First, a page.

Compression (Part 4 of 4)
Using Final Cut Pro and the Sorenson Video Codec
to Prepare QuickTime Video for Web Distribution
By Richard Lainhart
Then I enabled and set a media key for the Sorenson track. Sorenson has
the ability to disable a video track from playing unless the viewer enters
in a password, or media key. The media key needs to be entered in the
QuickTime settings control panel on the user's machine, and does not get
attached to the movie file. In other words, students buying a lesson will
also get a media key they will have to enter before they can see the clip.
Simply copying the clip to another system doesn't copy the key, so it
has to be re-entered on the new system before the track can play. With
luck, this will help cut down on the inevitable piracy that Jordan will
be subject to. I chose "key!wiz" as the media key.
I then enabled Sorenson's Variable Bit Rate, or VBR, encoding. VBR is
a feature of the Sorenson Developer edition, which is a $500 upgrade to
the basic Sorenson codec included with all versions of QuickTime. VBR
dramatically improves the quality of the compressed video, and is well
worth the price if you're trying to get the best quality video. VBR encoding
takes twice as long as regular Sorenson encoding, however, which is worth
knowing because Sorenson is already a highly asymmetric codec - it takes
much longer to compress than to decompress. VBR takes twice as long because
the codec first does a complete analysis pass of your clip, marking the
areas in the footage where more motion or noise occurs for more compression
later on. The codec then varies the data rate from frame to frame to optimize
compression in the problem areas and reduce the image degradation caused
by the compression. The result is video that looks significantly better
than non-VBR encoding, at the expense of time - Jordan's 4-minute video
took over 14 hours to compress on the 400 MHz PowerBook, which is no slouch
in the rendering department.
And that was it. A clip that had been more than 900MB ended up at less
than 9MB, and it looks surprisingly good. If you'd like to see the results
for yourself, you can download Jordan's video here by command clicking
1link. Just remember that you have to enter the media key before you
can see the video track. To enter the media key, open your QuickTime Settings
control panel and choose Media Key from the popup menu. Click Add...,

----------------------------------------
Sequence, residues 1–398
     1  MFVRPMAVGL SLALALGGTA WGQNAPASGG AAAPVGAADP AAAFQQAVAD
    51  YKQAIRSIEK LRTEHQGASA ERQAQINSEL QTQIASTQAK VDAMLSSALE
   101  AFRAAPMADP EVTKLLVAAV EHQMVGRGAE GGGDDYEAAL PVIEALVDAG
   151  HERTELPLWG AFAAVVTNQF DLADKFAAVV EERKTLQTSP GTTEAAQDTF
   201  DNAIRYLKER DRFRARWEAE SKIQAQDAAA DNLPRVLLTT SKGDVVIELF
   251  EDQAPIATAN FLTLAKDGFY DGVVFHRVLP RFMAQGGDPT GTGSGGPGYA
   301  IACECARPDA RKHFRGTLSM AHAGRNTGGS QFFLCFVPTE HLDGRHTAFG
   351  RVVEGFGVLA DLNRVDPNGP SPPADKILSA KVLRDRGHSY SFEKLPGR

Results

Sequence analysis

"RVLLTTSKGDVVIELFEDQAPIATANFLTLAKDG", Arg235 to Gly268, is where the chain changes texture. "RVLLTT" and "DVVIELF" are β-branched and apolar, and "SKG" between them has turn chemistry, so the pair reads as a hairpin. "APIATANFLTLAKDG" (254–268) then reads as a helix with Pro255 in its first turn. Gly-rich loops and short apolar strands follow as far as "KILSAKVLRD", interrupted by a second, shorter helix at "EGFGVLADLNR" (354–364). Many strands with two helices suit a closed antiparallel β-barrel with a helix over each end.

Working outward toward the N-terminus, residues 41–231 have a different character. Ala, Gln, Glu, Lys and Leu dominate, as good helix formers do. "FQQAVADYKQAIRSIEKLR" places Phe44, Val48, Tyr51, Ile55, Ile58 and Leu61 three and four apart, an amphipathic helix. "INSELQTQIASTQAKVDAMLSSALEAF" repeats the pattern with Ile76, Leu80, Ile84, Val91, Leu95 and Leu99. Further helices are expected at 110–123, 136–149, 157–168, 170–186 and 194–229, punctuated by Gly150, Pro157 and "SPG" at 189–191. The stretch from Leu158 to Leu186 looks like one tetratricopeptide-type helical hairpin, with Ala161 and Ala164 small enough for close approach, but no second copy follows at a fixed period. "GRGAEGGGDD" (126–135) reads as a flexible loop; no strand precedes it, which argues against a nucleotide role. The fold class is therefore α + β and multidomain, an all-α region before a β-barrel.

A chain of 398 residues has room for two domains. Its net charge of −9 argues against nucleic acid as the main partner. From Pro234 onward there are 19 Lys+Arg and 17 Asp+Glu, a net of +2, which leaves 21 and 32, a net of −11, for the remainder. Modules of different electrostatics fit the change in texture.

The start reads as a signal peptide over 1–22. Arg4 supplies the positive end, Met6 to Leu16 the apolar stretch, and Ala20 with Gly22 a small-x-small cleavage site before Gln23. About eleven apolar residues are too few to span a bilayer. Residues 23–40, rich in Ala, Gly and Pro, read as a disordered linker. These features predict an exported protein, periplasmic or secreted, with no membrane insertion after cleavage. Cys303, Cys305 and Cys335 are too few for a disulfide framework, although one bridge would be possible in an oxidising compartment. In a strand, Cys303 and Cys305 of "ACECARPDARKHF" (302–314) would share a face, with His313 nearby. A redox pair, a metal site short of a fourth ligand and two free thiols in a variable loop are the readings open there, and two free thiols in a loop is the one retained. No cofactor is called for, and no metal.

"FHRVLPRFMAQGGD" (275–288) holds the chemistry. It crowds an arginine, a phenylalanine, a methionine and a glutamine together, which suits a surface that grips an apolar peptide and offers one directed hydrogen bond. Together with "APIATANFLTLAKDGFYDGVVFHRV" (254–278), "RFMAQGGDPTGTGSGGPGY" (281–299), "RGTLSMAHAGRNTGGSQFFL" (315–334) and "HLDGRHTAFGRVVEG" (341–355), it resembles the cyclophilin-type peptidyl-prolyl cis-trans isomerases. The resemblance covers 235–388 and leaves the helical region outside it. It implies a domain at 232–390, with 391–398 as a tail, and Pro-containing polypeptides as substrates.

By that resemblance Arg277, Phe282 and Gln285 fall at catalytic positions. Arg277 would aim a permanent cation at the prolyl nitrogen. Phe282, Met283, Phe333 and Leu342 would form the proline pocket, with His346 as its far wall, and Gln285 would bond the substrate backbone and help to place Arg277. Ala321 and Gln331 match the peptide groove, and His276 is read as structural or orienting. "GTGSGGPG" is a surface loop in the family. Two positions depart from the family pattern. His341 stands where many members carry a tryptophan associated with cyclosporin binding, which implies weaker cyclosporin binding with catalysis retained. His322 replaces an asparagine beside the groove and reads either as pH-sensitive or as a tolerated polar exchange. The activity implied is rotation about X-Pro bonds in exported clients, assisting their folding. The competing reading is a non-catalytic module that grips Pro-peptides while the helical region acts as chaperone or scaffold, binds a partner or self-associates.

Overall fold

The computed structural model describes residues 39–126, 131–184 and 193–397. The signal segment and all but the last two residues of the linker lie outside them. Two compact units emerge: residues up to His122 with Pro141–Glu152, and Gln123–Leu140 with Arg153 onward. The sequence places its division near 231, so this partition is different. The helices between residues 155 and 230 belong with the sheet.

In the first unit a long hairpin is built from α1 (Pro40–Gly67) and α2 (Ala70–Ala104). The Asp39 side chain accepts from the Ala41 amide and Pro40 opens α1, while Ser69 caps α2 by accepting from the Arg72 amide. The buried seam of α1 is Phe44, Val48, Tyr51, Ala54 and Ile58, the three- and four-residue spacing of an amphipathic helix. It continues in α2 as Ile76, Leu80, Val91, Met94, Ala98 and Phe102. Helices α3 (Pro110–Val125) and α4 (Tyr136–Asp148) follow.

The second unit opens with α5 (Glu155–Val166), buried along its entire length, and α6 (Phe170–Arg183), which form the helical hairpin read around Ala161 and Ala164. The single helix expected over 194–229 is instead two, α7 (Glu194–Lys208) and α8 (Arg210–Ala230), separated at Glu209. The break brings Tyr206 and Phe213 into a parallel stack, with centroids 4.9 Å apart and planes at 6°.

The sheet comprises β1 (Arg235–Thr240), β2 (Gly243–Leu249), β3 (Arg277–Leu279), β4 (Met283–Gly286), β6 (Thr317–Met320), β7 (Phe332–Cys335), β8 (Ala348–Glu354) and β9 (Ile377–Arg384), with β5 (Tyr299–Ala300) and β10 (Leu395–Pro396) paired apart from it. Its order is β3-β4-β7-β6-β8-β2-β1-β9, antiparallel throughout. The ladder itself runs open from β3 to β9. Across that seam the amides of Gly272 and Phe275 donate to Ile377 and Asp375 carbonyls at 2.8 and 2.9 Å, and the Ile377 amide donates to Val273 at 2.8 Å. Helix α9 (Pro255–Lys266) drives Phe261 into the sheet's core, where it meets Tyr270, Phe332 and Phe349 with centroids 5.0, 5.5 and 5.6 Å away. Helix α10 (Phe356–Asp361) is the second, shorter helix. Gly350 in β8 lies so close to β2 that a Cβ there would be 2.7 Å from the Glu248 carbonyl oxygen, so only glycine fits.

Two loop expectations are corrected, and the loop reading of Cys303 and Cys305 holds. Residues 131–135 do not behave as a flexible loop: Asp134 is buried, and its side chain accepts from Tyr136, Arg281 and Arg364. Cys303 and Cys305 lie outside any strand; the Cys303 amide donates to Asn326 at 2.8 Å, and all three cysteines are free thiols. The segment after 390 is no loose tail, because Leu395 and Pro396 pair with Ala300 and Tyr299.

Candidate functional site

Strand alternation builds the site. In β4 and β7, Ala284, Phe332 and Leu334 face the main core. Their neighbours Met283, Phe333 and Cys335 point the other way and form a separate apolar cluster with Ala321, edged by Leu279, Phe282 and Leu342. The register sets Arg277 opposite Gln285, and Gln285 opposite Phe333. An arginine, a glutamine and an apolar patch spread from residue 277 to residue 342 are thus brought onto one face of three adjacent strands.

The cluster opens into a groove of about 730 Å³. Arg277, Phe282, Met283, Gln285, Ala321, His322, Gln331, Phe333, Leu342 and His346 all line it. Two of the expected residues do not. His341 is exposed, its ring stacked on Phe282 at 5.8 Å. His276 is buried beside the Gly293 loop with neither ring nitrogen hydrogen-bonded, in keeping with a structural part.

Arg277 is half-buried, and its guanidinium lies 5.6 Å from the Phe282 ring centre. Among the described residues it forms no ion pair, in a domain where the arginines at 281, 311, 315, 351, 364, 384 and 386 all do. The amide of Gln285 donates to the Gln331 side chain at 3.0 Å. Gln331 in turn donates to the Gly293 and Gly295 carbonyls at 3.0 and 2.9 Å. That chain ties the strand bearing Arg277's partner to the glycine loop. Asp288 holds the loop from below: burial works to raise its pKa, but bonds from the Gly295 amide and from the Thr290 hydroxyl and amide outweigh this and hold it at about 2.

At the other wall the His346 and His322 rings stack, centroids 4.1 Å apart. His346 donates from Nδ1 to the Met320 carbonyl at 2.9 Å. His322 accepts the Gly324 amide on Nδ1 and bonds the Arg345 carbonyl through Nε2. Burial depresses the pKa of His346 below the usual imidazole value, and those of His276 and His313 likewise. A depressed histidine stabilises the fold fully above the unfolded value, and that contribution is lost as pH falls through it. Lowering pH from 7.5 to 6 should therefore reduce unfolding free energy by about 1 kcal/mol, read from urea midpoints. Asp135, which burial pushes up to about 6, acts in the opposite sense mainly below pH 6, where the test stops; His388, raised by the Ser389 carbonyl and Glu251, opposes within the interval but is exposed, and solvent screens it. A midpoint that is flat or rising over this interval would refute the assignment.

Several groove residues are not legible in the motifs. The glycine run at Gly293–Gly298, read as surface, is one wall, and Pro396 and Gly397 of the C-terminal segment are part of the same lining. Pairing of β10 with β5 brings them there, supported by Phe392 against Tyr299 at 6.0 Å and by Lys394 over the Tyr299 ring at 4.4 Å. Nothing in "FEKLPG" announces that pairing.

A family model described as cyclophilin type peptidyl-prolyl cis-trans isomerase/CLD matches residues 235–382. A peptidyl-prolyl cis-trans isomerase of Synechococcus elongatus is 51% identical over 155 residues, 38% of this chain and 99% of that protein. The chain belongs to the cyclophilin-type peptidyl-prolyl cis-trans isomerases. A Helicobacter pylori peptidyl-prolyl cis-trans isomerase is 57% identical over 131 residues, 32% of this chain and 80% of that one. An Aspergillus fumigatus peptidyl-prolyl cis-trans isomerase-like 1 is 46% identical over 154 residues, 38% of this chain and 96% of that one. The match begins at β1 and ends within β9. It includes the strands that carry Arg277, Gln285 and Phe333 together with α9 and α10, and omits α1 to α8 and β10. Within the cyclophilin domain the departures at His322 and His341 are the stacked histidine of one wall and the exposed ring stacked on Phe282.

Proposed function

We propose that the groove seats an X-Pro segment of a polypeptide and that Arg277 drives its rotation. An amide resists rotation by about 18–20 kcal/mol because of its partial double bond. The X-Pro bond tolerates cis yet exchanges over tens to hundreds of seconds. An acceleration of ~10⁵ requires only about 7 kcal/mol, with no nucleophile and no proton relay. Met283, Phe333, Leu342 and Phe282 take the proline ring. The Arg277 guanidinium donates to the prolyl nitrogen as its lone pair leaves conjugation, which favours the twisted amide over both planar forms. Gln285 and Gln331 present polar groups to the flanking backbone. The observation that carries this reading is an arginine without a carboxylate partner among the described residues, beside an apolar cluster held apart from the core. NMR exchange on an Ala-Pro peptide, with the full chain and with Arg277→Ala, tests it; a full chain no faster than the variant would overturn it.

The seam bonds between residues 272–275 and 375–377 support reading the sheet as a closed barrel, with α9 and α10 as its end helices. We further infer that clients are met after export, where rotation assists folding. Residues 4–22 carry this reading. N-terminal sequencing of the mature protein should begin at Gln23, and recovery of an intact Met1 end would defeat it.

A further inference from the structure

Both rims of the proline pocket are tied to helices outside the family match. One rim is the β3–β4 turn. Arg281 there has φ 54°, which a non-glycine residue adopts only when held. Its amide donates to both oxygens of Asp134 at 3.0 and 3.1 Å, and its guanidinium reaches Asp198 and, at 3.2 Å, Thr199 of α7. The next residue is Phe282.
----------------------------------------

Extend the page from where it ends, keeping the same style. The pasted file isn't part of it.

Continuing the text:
and in the dialog box that opens, type "SorensonVideo" (no spaces, and
without the quotation marks) in the Category field. Then type "key!wiz"
(without the quotes) in the Key field. Click OK, and close QuickTime settings.
You should now be able to see the video. If not, make sure you typed in
the Category and Key text exactly as shown.
Lainhart ([email protected])
is a digital artisan who works with sonic and visual data. He's played
vibes in a swing band; performed in public some 2000 times; composed music
for film, television, CD-ROMs, and the Web; released recordings of his
own music on the Periodic Music, Vacant Lot, and XI Records labels; engineered
audio for recordings and live sound; written thirteen manuals for music
and video hardware and software; served as technical director at a music
software company; created 2D and 3D imagery and animation for print, broadcast,
CD-ROMs, and the Web; served as contributing editor with Interactivity
magazine; trained New York City-based digital media professionals in programs
like Electric Image, After Effects, Premiere, Commotion, and Final Cut
Pro; and contributed to books on digital media techniques published by
IDG and Peachpit Press. Currently, he is Digital Media Specialist with
Novaworks Computer Systems in New York City, an Adobe Certified Expert
in After Effects, an occasional demo artist for Adobe Systems, and co-host
of the official New York City After Effects User Group (http://www.otownmedia.com/nycaesig).
His animation "A Haiku Setting" was recently accepted for the ResFest
touring digital film festival. You can find it and samples of his music
and digital artworks at his website, http://www.otownmedia.com.
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